Tamil writer A Madhavan made Thiruvananthapuram’s Chalai immortal

He was attracted towards the Dravidian ideologies and started to identify himself as a Dravidian writer. During his formative years, he published most of his stories in the Dravidian magazines.

A Madhavan published six short story collections and three novels. Most of his stories were based on men and women of the Chalai Bazaar street in Thiruvananthapuram, where he ran 'Selvi Stores', a shop selling vessels. 

Noted Tamil writer and Sahitya Akademi award winner A Madhavan passed away on Tuesday (January 5) evening due to age-related illness. He was 86.

Born in 1934 in the united Travancore province, Madhavan did not continue his education after school final. He, however, was a voracious reader from a young age, inspired by the Dravidian movement.

He was attracted towards the Dravidian ideologies and started to identify himself as a Dravidian writer. During his formative years, he published most of his stories in the Dravidian magazines. He published his first short story in 1955 in the magazine called Sirukathai. However, he considers Naangaavadhu Kadhal as his first short story which he wrote at the age of 23. His first short story collection was Moha Pallavi.

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“It was in a literary meeting that popular writer Sundara Ramasamy challenged him to write realistic stories. Madhavan accepted it and shifted his writing from Dravidian matters to realistic stories,” says writer Sa Tamilselvan in his column about Tamil writers.

In his youth, he was an atheist and rationalist, but in his later part of life, he embraced spiritualism and had a high respect for Hinduism.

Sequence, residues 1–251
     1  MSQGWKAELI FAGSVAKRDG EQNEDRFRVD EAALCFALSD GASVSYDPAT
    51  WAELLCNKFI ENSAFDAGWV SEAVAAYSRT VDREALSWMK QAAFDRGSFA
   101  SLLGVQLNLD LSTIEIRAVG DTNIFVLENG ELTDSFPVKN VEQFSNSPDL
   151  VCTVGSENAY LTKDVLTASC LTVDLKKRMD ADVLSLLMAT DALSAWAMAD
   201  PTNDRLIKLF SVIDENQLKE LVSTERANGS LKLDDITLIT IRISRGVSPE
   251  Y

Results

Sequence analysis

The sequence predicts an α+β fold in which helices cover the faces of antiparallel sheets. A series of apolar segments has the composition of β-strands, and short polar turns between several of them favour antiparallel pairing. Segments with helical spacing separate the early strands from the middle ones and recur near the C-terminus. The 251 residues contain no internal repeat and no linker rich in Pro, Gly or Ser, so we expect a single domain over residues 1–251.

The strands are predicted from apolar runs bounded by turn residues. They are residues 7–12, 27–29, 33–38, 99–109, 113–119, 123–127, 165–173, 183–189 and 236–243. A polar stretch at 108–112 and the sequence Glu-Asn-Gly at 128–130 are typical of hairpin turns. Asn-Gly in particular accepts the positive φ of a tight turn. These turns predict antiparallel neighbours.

“Though he followed Hinduism and was spiritual, he never preached about good and evil. Many of his stories spoke about illicit affairs,” said Tamilselvan.

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Introduced to the literary world as a Dravidian writer and later changed into a believer of god, Madhavan’s writing was first acknowledged by the Communists. One of his short stories, Ettavadhu Naal, considered as one of his finest, was first published in Thamarai, a literary magazine run by the CPI. The story was lengthy — it took 45 pages of a single issue of the magazine.

“By publishing that story, the then editor of the magazine Thi Ka Sivasankaran opened another avenue for the regional dialect-based literary world,” said Madhavan in one of his interviews.

He published six short story collections and three novels. Most of his stories were based on men and women of the Chalai Bazaar street in Thiruvananthapuram, where he ran ‘Selvi Stores’, a shop selling vessels. 

He was awarded the Sahitya Akademi in 2015 for his essay collection Ilakkiya Suvadugal. However, his novel Krishna Parundu (not to be confused with PV Thampi’s ‘Sree Krishna Parunthu’) is considered as his masterpiece.

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He has also translated three works from Malayalam to Tamil of which Yakshi by Malayatoor Ramakrishnan and Ini Gnan Urangatte by PK Balakrishnan, were well received among Tamil readers.

He is survived by daughter Kalaiselvi and son-in-law Mohanan.

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